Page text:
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Money tips when you’re leaving home for the first time

There’s no need to worry about money when leaving home for the first time.

Of course, managing your own money can be a daunting prospect if you’ve not had to do it before. But we have some tips that can help you to find your feet.

Where to live

If you’re moving away from home for the first time, it’s likely you’ll be renting a place to live. You might want to consider the following when choosing somewhere:

  • any one-off costs of moving out to begin with, such as deposits (PDF, 261KB) and furniture

  • how far you’re willing to commute

  • how much you can afford each month, including bills

  • whether you want to live alone or share with others

If you choose to live somewhere that’s not close to your workplace, remember to factor in the extra cost of travel. And check out the public transport links if you’re not planning to drive.

We also have other guides for managing your money if you’re a student.  

Preparing to move out

Before you actually leave home, it’s a good idea to plan ahead:

  • note down when you need to pay your deposit before your move in or when you exchange contracts

  • make sure you know when you can pick the keys up to your new home

  • find out what’s included in your new home if renting – such as a washing machine or microwave

  • decide what you’ll need to take with you

  • work out what extra items you might need to buy – kitchen and cleaning things, for example

  • arrange transport  – if you need a van, that’s another expense you’ll have to take into account

It may be that there are plenty of belongings you can take with you, so you don’t have to spend too much when you first move in. Or you could let people know what you don’t have  –  that way you can get useful housewarming gifts.

Don’t forget to keep important documents in a safe place, such as your tenancy agreement, birth certificate and passport.

Opening a bank account

If you haven’t already got a bank account, you’ll definitely need one to keep things running smoothly.

For day-to-day spending and income, a current account can be used to:

  • pay bills

  • set up regular payments such as Direct Debits or standing orders

  • receive money such as your salary or other payments

  • withdraw cash at ATMs

  • shop with a debit card

Make a budget for everyday living

Once you’ve moved out, a good way of staying on top of your money is to make a budget.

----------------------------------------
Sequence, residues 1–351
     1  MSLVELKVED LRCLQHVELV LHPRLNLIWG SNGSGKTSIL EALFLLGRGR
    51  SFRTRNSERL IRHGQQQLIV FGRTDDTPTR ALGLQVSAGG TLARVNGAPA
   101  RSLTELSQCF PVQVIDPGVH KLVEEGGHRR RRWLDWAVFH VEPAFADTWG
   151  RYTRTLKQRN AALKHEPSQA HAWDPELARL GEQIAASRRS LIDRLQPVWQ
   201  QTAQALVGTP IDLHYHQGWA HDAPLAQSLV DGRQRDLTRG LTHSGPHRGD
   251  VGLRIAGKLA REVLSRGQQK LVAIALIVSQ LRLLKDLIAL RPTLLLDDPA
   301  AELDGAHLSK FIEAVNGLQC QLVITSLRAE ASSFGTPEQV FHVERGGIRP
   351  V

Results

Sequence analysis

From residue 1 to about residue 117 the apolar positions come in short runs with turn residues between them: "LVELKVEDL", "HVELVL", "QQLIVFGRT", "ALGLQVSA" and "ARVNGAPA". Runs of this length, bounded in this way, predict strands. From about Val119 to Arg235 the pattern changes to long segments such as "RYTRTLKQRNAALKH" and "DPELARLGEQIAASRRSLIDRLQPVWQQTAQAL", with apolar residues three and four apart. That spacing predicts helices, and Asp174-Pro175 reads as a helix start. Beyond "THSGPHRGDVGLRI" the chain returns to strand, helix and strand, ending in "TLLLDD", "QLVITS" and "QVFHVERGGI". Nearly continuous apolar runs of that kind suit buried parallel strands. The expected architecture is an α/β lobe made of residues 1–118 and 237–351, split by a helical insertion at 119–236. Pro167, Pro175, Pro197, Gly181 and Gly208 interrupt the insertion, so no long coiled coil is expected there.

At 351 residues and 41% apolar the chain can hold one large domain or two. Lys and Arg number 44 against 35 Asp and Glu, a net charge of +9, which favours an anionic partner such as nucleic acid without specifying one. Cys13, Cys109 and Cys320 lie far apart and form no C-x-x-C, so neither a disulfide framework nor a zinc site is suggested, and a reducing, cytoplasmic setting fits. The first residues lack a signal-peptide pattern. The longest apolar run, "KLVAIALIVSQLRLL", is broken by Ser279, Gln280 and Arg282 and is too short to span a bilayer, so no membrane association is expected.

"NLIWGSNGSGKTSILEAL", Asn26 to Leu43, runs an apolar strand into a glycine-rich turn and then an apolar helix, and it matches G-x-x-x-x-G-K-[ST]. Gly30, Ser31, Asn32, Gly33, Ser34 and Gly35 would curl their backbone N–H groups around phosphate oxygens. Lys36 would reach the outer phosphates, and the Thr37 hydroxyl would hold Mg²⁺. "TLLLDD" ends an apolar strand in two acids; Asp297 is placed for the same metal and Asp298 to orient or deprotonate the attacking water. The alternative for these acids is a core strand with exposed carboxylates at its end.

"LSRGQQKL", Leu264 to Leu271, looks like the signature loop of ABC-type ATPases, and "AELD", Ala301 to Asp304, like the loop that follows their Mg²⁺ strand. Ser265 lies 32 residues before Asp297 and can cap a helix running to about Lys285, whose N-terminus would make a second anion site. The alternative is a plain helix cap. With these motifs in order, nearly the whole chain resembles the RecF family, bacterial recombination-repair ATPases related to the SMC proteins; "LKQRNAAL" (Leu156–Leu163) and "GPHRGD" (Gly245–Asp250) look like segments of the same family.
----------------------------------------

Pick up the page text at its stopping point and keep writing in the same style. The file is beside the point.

This will help you avoid overspending. The first thing to do is to work out what money you’ve got coming in and going out. You can use tech and tools to help you do this.

You’ll have regular bills such as rent and utilities which you can plan for, but you might also have expenses that are difficult to predict – for example, unexpected repairs if you have a car. Use this handy tool (PDF, 411KB) to help you tot up how much your one off and ongoing outgoings will be.

And you’ll probably want to allow for some fun in your budget too, such as going out and trips away.

You can use HSBC's Balance After Bills feature to help manage your money until payday. It takes into account regular outgoings such as standing orders and Direct Debits and estimates how much you could have left for the month ahead. 

Balance After Bills is only an indication of what you could have left. You should always make sure you have enough funds to pay your bills.

Explore more: How to manage your bills

Stay in control of your spending

If you’ve moved away from home because you have your first job, it can be exciting to start receiving a regular salary. But remember to use your budget to make sure your money doesn’t run out before you get paid again.

You can save on transport costs if you’re in the right age group for a Railcard (16 to 25), or National Express Young Persons Coachcard (16 to 26).  

There are also ways to save on food shopping, energy and subscriptions

For example, if you live with others, try to team up with your housemates for a group shop. That way, you can buy food in bulk, which works out cheaper. If you batch cook meals and freeze some for a later date, you can avoid relying on ready meals or takeaways.

By shopping for food just before closing time, you can often pick up bargains as supermarkets offer reduced items, which are close to their ‘use by’ date. You could save money by taking your own lunch to work too, rather than buying it out each day.

You might like to spend some time shopping around to get the cheapest deals on things like gas, electricity and broadband. And loyalty cards, discount vouchers and 2-for-1 deals can help you afford things which might otherwise be a luxury.

You might also want to have a credit card for emergencies or unforeseen expenses. But remember that anything you spend on a credit card must be paid back so don't be tempted to overspend. 

Explore more: How to get your first credit card